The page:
How to start a Lodge of Exploration

Discussion in 'General Freemasonry Discussion' started by jonesvilletexas, Dec 30, 2008.

  1. jonesvilletexas

    jonesvilletexas Premium Member

    917
    6
    18
    This is good information. I belive this might help our lodges, what do you think?


    Note: To those who have been waiting for this information, thank you for your patience. I wish there were 40 hours in a day and 10 days in a week, but I have the feeling I'd still be working overtime.
    One of the new programs that's been really successful for us in Niagara District B is the Lodge of Exploration.
    A Lodge of Exploration provides an opportunity to delve into the symbolism of each degree. It is a counterpart to the Lodge of Instruction, insofar as where the Lodge of Instruction seeks to impart the 'how' and 'when' of the ritual, a Lodge of Exploration seeks to impart an understanding of the 'why.'
    These meetings are held within our masonic district, but they could be (and were) open to accommodate brethren from nearby districts.
    Preparations.
    Announcements go out at roughly 60 days from the start of the event. Typically you'll need dispensation to hold the event from your Grand Lodge, and you'll need to coordinate with your District Deputy Grand Master (or equivalent).

    Follow ups are done every couple of weeks to keep it in people's heads. Doing a bit of visiting to make announcements really helps too. Get it in the lodge summons/trestleboard, but don't rely on that as the only means of getting the information across. Many men check the dates for meetings and that's it (in my experience anyway as a publisher of a summons).

    We started with the EA degree, but I don't think you have to. I really think it depends on your particular district.
    Study
    Get a group of Masons together interested in dissecting the symbolism of a particular portion of the degree. We have a list of who does what parts when we're conferring a degree, and we used the same sheet to work from in assigning roles. It made sure everything was covered.

    Delve into your portion of the degree. There are many excellent resources for this, the key is just start reading and pull out what you feel is significant or noteworthy.

    Get a couple study sessions together and talk about what you've learned. Some of the most interesting conversations happened at this stage, as you're dealing with passionate masons about something they've become conversant in, and the learning, and exchange back and forth was something really spectacular. You may find this is the best part!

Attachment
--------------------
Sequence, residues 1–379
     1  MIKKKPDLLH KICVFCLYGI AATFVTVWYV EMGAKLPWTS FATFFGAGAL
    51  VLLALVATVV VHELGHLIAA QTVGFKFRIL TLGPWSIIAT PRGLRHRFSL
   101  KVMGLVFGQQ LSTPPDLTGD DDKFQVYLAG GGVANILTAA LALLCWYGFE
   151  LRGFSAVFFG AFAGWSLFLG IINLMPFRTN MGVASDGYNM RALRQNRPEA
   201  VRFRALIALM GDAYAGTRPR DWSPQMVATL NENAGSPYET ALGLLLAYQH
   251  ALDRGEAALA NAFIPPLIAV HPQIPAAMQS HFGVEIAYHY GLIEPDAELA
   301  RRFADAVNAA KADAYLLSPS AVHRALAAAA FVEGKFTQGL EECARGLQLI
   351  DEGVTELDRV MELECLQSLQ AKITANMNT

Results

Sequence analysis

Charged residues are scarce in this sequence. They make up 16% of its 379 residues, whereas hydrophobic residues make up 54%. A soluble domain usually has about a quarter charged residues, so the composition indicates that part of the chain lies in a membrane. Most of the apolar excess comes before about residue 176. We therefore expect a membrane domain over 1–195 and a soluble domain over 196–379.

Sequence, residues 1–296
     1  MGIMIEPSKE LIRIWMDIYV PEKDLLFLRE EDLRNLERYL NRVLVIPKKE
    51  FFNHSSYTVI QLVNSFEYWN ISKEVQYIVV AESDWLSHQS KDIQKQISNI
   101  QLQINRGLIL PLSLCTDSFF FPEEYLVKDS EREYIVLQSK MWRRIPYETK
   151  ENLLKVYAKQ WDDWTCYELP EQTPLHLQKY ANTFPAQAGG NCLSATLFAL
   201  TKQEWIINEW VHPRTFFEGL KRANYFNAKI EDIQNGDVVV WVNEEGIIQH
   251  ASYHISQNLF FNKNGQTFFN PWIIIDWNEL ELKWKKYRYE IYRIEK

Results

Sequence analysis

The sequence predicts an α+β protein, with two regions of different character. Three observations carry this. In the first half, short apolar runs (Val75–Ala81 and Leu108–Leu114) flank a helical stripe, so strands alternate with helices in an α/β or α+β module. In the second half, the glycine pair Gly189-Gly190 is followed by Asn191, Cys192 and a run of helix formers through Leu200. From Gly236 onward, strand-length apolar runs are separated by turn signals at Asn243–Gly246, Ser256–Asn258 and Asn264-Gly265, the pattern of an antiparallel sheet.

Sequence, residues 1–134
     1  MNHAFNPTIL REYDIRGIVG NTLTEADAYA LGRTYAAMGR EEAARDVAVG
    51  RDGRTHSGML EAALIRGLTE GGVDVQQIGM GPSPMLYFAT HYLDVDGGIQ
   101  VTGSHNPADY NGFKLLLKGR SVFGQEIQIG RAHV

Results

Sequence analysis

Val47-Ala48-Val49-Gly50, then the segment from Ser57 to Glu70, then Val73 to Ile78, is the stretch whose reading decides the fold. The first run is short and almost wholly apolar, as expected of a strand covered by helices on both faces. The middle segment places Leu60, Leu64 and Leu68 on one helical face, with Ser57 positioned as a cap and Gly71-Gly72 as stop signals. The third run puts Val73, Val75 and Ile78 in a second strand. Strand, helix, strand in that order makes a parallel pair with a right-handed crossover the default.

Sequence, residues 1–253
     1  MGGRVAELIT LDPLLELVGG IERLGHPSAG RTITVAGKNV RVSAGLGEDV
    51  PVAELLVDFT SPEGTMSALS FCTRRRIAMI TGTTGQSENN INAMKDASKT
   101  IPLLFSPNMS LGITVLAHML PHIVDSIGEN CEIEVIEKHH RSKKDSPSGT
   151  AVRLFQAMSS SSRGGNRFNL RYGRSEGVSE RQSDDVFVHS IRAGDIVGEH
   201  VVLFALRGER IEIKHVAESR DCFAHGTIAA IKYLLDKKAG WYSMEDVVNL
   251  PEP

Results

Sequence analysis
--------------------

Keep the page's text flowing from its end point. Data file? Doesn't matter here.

Draft your presentation
    Take the rough ashlar that is your research and turn it into the perfect 10 minute presentation ashlar using some of the tips here at Presentation Helper. I found this a really helpful resource, especially to cut through to the essence of what I was trying to get across. There can be as many as 12-15 parts, and so at 10 minutes apiece they still make for a long morning. In your presentation, you're trying to accomplish two things.
    1. Help them think about the symbolism of your part of the degree in a way they haven't before.
    2. Give them enough raw material to help them form their own personal connection to the symbolism.
    The other thing to remember here is that many masons have never been told to really do this. The emphasis has usually been on the rote of the ritual, not really stopping to understand the deeper meaning behind it. I know this is a generalization, but I've seen enough lodges to know it's a common problem. If it's not happening in your lodge, you're further ahead than many.
    Have your day!
    This is what the agenda roughly looked like on the day of our event.
    • 9am: Coffee and reception
    • 9: 45 Welcome and Introductions
    • 10am - 11:30am: presentation
    • 11:30-12noon discussion and questions
    • noon - ? lunch and fellowship
    Each brother tried to keep their presentation to 10 minutes or less.

    The reception was phenomenal, and we recently did a second Lodge of Exploration for the FC degree.

    If you follow these steps, you will have introduced a program into your district that promotes learning about Masonic symbolism in a way that is difficult to find in our regular lodges. I think this exercise is important because it highlights that brethren are eager for such experiences, and that their preparation isn't a hardship.
     
  2. ravickery03

    ravickery03 Guest

    0
    0
    0
    It sounds like a local lodge of research.

    -Bro Vick
     

Share My Freemasonry